Louise C. Walter, MD
Professor of Medicine, Division of Geriatrics, UCSF
Dr. Walter is Chief of the Division of Geriatrics at UCSF and the San Francisco VA Health Care System (SFVAHCS) and a clinician-researcher who is an international leader in evaluating the real-world risks and benefits of cancer screening and surveillance in older adults. Dr. Walter received her MD from Stanford University in 1995. She completed a residency in internal medicine and a fellowship in Geriatrics at UCSF and joined the UCSF faculty in July 2001. She is a geriatrician at the SFVAHCS Geriatrics Clinic, Interim Director of the UCSF Clinical & Translational Science Institute (CTSI) Career Development (K Scholars) Program, a faculty leader for the Mentoring and Career Development Core of the NIH-funded Clinician Scientists Transdisciplinary Aging Research (Clin-STAR) Program, and Director of Geriatrics Health Services Research & Development at SFVAHCS.
Dr. Walter has transformed our approach to cancer screening in older adults. She has developed novel methodology demonstrating the fundamental importance of life expectancy rather than age in determining benefits and risks of screening. Virtually every cancer screening guideline cites her research. Further, in 2014, Dr. Walter’s JAMA article, “Cancer Screening in Elderly Patients: A Framework for Individualized Decision Making,” was selected in a national survey of geriatricians as one of the 27 landmark articles that have advanced the field of Geriatrics. In 2012, Dr. Walter was elected into the American Society for Clinical Investigation (ASCI).
In addition, Dr. Walter led a series of seminal studies demonstrating decisions to screen older adults for cancer are often dictated more by age than health such that many patients in poor health continue to undergo screening while many healthy older patients fail to get screened. Also, she discovered that cancer screening frequently leads to significant harms without benefit in patients in poor health and developed a taxonomy and quantification of screening harms. This quantification of downstream harms has also been applied to study outcomes of other procedures performed in frail older adults in poor health, such as tight glycemic control, chemotherapy and surgery.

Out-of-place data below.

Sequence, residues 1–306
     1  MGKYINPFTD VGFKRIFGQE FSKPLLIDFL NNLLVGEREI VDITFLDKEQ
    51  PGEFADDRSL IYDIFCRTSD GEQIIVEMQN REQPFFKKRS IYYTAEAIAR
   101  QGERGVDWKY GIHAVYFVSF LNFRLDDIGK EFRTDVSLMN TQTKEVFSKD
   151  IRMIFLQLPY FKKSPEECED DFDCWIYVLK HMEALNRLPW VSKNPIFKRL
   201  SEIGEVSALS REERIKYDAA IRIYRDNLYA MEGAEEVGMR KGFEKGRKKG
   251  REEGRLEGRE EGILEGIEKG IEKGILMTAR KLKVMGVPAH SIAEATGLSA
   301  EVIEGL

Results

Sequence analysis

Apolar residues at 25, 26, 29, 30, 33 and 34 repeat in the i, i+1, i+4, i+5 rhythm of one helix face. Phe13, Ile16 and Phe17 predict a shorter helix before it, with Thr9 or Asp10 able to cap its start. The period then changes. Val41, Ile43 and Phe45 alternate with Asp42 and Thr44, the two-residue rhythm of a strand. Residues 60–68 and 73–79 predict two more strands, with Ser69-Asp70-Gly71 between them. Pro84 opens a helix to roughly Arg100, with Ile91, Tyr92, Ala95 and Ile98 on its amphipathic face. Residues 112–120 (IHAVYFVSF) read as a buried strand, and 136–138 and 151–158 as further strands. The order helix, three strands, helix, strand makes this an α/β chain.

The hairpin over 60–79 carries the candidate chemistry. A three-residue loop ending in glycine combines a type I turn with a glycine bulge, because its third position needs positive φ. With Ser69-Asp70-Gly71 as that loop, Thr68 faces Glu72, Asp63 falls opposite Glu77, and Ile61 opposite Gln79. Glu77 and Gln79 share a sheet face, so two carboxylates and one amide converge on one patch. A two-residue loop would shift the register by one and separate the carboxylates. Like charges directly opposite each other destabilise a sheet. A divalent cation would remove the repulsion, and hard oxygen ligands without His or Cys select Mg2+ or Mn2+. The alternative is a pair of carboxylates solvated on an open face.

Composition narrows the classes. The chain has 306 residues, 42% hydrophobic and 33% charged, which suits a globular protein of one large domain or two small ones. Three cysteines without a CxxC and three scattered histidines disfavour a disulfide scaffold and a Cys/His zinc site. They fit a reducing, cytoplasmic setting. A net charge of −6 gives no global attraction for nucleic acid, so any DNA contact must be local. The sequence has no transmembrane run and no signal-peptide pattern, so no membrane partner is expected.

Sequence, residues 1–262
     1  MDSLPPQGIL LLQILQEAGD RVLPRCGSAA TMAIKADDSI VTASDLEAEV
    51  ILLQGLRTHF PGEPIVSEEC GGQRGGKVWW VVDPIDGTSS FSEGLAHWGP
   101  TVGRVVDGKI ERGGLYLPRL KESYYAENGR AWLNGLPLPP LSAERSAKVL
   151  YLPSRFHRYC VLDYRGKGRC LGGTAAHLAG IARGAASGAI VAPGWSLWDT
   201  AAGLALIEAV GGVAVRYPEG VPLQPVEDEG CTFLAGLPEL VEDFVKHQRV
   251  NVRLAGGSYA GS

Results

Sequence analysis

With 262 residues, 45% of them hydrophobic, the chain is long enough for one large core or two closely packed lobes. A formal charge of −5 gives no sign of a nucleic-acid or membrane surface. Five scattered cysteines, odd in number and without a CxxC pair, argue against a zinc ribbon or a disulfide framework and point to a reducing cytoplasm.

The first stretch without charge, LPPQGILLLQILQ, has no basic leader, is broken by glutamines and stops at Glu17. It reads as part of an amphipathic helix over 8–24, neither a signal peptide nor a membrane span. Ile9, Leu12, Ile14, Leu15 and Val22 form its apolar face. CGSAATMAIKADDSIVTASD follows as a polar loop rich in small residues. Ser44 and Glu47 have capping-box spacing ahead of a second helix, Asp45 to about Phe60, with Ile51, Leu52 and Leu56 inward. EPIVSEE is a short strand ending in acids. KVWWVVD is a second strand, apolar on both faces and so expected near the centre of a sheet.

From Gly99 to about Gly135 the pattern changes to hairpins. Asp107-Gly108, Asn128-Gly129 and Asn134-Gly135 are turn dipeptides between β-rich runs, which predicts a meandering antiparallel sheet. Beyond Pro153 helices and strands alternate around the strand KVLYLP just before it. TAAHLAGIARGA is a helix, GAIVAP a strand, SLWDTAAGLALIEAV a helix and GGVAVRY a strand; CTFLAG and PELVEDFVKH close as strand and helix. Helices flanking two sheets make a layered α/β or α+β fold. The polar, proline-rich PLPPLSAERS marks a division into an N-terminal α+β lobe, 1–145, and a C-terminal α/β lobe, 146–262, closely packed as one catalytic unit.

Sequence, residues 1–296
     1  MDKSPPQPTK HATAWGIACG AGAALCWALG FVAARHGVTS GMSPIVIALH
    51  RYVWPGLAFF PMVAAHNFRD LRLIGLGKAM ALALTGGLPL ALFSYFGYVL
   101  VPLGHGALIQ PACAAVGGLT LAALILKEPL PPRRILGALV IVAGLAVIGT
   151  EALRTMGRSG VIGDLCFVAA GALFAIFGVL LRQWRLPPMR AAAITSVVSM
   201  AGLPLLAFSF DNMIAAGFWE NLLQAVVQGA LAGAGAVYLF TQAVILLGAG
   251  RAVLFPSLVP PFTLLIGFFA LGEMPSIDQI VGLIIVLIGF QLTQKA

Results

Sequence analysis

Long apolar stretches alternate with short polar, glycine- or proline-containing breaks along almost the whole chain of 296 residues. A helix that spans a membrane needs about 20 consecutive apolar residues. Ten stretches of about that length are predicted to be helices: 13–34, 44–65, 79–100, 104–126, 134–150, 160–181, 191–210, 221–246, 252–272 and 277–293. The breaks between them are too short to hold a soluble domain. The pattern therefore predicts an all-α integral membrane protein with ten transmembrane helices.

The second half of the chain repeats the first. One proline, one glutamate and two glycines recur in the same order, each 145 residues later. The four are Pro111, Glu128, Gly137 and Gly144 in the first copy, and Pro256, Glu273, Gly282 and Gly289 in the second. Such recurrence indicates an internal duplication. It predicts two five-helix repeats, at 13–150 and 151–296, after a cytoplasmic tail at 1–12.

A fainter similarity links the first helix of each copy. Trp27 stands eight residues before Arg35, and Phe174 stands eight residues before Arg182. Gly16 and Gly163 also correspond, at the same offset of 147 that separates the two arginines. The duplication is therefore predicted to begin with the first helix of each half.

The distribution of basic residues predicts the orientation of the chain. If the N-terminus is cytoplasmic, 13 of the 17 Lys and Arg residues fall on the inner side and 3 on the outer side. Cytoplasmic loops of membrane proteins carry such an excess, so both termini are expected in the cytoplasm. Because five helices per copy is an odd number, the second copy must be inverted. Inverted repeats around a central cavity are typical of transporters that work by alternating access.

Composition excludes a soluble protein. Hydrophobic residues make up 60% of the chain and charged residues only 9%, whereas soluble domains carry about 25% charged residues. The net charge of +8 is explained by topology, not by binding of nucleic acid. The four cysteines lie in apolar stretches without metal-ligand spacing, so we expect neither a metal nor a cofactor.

Dr. Walter is Principal Investigator of Tideswell at UCSF, a center to mentor and develop future leaders in aging. Dr. Walter views mentoring as one of her most important academic activities. In 2010, nomination letters from her mentees led to her receipt of the UCSF Academic Senate Distinction in Mentoring Award, one of the highest awards at UCSF given annually to one faculty member in recognition of “exceptional mentoring to fellows and faculty. Dr. Walter also serves as the Core Director of the UCSF Claude D. Pepper Older Americans Independence Center’s Career Development (REC) Core.
Stanford University, Stanford, CA, B.S., 1990, Biology
Stanford University School of Medicine, Stanford, CA, M.D., 1995, Internal Medicine
University of California, San Francisco (Advanced Training in Clinical Research Program), Certificate, 1999, Clinical Epidemiology